Can the Saints really wait until No. 62 to draft? They might have to

The New Orleans Saints aren’t on the clock.

Well, for now anyway.

The Saints don’t have a pick in Thursday night’s opening round of the NFL draft because they used it to move up last year and select defensive end Marcus Davenport.

They don’t have third- or fourth-round picks, either, because of trades for quarterback Teddy Bridgewater and cornerback Eli Apple. Their only pick in the first four rounds is No. 62 overall.

But stay on alert, because history has shown us time and again that general manager Mickey Loomis and coach Sean Payton aren’t very good at sitting on their hands.

They have traded up a total of 15 times over the past 12 drafts. And in eight of those cases, they used a future year's pick to do it.

Meanwhile, they haven’t traded down since 2007.

Loomis let out a big laugh earlier this week at his pre-draft news conference when asked if things will get restless in the Saints’ war room.

“Probably,” Loomis said. “It’s pretty hard to go from 62 into the first round, but we’ll see what happens.”

The Saints have traded up in Round 1 (or into Round 1) four times since 2008. That ranks second behind only the Cleveland Browns over that span, according to ESPN Stats and Information.

So, as assistant GM/college scouting director Jeff Ireland said recently, “Anything’s possible with Sean and Mickey.”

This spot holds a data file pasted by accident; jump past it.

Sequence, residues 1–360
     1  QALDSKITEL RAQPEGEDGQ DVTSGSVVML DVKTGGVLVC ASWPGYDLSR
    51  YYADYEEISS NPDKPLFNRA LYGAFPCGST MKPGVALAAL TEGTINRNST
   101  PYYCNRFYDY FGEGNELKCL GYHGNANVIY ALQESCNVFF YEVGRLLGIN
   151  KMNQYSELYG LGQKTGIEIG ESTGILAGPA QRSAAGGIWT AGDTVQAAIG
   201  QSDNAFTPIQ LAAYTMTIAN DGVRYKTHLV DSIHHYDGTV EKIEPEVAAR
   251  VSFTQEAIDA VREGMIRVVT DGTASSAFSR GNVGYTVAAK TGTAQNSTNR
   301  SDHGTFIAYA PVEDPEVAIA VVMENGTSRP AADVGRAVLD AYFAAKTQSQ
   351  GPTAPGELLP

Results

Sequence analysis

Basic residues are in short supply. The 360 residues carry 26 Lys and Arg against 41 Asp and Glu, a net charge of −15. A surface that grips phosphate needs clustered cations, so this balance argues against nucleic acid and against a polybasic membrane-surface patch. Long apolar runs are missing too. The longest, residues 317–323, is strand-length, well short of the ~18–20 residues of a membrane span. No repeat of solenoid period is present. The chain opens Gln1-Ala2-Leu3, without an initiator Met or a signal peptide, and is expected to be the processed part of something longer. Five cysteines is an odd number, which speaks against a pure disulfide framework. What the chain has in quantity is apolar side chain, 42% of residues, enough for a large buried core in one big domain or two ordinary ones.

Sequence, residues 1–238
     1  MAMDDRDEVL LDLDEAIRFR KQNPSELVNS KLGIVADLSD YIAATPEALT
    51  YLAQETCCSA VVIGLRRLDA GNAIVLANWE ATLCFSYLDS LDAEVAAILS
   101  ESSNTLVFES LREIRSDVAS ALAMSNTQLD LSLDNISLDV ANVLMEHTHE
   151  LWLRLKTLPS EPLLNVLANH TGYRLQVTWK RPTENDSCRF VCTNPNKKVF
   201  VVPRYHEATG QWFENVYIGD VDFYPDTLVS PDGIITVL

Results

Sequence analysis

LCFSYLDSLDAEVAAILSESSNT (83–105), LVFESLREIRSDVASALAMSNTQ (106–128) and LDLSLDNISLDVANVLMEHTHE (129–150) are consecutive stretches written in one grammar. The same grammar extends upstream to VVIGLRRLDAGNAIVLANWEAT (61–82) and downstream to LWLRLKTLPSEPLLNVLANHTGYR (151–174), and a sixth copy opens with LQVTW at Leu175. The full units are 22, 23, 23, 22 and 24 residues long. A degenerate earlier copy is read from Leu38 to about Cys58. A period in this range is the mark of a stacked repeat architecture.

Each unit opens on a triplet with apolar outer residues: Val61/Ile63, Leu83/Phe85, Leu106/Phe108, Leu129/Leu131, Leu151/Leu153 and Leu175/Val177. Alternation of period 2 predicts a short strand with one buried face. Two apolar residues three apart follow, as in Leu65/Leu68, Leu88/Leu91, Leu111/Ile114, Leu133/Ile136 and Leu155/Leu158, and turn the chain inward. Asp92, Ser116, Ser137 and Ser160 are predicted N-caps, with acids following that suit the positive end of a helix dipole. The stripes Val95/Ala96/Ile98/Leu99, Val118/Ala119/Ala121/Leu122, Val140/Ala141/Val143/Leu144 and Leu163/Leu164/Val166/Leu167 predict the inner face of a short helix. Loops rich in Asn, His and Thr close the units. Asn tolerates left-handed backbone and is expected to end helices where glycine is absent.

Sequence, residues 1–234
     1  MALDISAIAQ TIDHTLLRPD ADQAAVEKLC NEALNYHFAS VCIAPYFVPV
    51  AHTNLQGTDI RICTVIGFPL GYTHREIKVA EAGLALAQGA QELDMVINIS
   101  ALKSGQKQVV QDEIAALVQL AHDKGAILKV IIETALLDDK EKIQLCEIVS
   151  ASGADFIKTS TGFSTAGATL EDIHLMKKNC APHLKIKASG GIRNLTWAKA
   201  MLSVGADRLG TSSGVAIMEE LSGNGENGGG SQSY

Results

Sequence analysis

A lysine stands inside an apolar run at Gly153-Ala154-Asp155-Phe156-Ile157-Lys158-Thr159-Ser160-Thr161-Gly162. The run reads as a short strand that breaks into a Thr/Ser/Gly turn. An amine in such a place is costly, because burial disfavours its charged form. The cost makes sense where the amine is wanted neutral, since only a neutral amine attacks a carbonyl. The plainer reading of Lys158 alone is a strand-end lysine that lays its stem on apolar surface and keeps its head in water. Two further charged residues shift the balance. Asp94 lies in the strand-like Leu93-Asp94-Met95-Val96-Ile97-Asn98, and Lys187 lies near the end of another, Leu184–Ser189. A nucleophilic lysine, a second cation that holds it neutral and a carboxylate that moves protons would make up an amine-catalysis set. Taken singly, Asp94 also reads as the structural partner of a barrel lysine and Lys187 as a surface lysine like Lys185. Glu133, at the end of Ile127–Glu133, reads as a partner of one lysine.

But to get into Round 1, they would almost certainly have to package their second-round pick and next year’s first-rounder.

Even that wouldn’t get them a premium pick. But that’s exactly what they did to get Mark Ingram with the 28th pick in the 2011 draft, for example.

“You’re not gonna move from 62 into 10, 15 or any of that,” Payton told reporters while participating in a Zurich Classic golf tournament charity event Tuesday. “[Would we] be interested in moving up to 31? Maybe. But it would just be specific to a player.”

The good news for the Saints is that they don’t have any glaring needs that must be filled in their starting lineup.

Payton listed some of New Orleans’ top needs as depth on the offensive line, a linebacker who can contribute on special teams, and a defensive end or defensive tackle who can be used in sub-rush packages. But as usual, the Saints’ picks will depend more on the grades of the players available than filling any specific position group.

Both Payton and Loomis stressed that they like the depth in this year’s draft and feel comfortable that a highly graded player will be available at No. 62 if they can manage to stay patient.

“Nonetheless,” Payton said of plans for Thursday night, “We’re putting our suits on.”